Cannabis Doctors Australia, presents on medical cannabis to GPs at national
conferences in Australia and New Zealand. He developed a dosing “matrix” to
demonstrate the relative combinations of CBD to THC for various conditions, in
which a low dose of THC indicates just happy, but no other real effects of the
THC, and high meaning “euphoric”. However, Dr Jansen emphasises that in
medical treatment with cannabis, “there’s no need to get the patient high”.
Getting medical cannabis in Australia
Victoria was the first Australian state to legalise
cannabis for medical use in 2017, and the other states quickly followed.
However, Australia’s relationship with medical cannabis is complicated. In most
other countries where medical cannabis is legal, the medicines are available as
registered prescription medicines. Not here (with one exception – nabiximols –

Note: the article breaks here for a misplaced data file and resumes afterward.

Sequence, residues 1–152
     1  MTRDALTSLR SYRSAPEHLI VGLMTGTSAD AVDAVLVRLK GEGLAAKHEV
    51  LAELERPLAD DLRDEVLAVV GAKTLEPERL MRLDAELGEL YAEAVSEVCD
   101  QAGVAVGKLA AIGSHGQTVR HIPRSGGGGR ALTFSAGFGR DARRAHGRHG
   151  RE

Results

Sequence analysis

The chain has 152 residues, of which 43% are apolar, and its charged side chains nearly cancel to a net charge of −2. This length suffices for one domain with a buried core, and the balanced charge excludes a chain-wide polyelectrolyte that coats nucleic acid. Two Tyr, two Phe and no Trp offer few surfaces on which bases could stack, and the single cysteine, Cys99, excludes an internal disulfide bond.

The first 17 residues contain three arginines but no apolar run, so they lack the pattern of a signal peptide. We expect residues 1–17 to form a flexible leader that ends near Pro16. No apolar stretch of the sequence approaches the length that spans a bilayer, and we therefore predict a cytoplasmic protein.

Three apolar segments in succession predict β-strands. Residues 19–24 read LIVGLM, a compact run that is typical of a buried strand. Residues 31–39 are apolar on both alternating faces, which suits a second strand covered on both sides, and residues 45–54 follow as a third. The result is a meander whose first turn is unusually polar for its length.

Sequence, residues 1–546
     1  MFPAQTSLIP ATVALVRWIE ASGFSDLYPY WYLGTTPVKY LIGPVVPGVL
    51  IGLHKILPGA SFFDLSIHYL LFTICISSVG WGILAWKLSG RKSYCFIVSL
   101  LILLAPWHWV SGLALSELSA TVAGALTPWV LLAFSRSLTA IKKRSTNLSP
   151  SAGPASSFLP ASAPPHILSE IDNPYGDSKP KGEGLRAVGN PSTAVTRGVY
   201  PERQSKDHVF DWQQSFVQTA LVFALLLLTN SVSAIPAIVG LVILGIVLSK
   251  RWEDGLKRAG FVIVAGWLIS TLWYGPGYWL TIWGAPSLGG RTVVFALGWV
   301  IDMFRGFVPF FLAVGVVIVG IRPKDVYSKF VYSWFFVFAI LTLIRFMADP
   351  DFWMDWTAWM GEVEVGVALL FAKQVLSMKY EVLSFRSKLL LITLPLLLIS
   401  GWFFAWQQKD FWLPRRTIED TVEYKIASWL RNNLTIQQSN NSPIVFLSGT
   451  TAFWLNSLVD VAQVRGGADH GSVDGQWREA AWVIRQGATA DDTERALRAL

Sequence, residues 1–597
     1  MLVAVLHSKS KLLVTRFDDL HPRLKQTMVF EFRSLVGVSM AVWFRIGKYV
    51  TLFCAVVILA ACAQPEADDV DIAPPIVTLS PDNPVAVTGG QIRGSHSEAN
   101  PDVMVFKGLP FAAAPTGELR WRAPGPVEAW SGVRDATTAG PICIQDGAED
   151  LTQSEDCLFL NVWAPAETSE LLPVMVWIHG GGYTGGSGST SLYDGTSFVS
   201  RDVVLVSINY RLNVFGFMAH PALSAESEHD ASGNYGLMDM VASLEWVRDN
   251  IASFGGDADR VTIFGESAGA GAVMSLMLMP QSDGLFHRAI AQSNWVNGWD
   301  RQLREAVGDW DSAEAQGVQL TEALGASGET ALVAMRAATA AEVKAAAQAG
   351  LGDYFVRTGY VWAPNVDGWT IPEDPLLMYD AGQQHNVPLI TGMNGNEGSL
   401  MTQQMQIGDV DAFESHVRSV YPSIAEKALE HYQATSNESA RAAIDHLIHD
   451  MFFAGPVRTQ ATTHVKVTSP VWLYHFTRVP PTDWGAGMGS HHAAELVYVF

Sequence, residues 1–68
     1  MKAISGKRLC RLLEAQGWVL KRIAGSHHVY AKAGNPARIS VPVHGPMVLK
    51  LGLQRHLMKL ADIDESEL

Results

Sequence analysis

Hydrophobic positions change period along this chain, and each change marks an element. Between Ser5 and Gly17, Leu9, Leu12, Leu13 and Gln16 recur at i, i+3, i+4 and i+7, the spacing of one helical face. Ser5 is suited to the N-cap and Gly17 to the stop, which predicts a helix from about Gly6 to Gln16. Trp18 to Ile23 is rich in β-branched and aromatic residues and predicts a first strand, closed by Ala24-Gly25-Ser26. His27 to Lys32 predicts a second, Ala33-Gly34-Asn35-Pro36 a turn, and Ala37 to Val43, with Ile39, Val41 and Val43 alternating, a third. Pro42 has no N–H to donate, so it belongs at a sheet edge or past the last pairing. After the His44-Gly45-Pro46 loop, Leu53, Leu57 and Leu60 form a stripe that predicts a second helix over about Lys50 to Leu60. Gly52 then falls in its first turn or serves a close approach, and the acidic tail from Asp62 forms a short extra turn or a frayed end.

brand name Sativex, a spray used for multiple sclerosis). This means that if
you are interested in cannabis medicines, you need to go to a GP who has
applied to the Special Access Scheme (SAS) for unregistered medicines. The
doctor then needs to send details of your assessment to the government, and it
can take 1–2 weeks for approval. Strictly speaking, the government approves
applications for 15 health conditions – notably chronic pain, epilepsy
(includes children), multiple sclerosis, inflammatory disease and palliative
care. However, Dr Jansen says the TGA will consider any chronic condition that
has lasted longer than three months and has not responded to conventional
treatments medicines or there are side effects.
It’s a cumbersome process that discourages both
patients and doctors, but it’s catching on – in May 2018 the TGA approved 132